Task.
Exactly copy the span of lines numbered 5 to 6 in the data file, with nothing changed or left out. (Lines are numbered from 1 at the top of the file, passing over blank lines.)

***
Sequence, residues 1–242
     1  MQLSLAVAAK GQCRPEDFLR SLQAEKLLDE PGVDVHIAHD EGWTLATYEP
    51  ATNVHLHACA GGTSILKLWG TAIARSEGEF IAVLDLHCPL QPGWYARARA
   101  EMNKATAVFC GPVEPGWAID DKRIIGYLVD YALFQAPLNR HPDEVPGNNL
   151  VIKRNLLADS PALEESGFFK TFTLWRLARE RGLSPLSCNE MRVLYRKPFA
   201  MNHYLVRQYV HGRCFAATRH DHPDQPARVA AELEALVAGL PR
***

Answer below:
   151  VIKRNLLADS PALEESGFFK TFTLWRLARE RGLSPLSCNE MRVLYRKPFA
   201  MNHYLVRQYV HGRCFAATRH DHPDQPARVA AELEALVAGL PR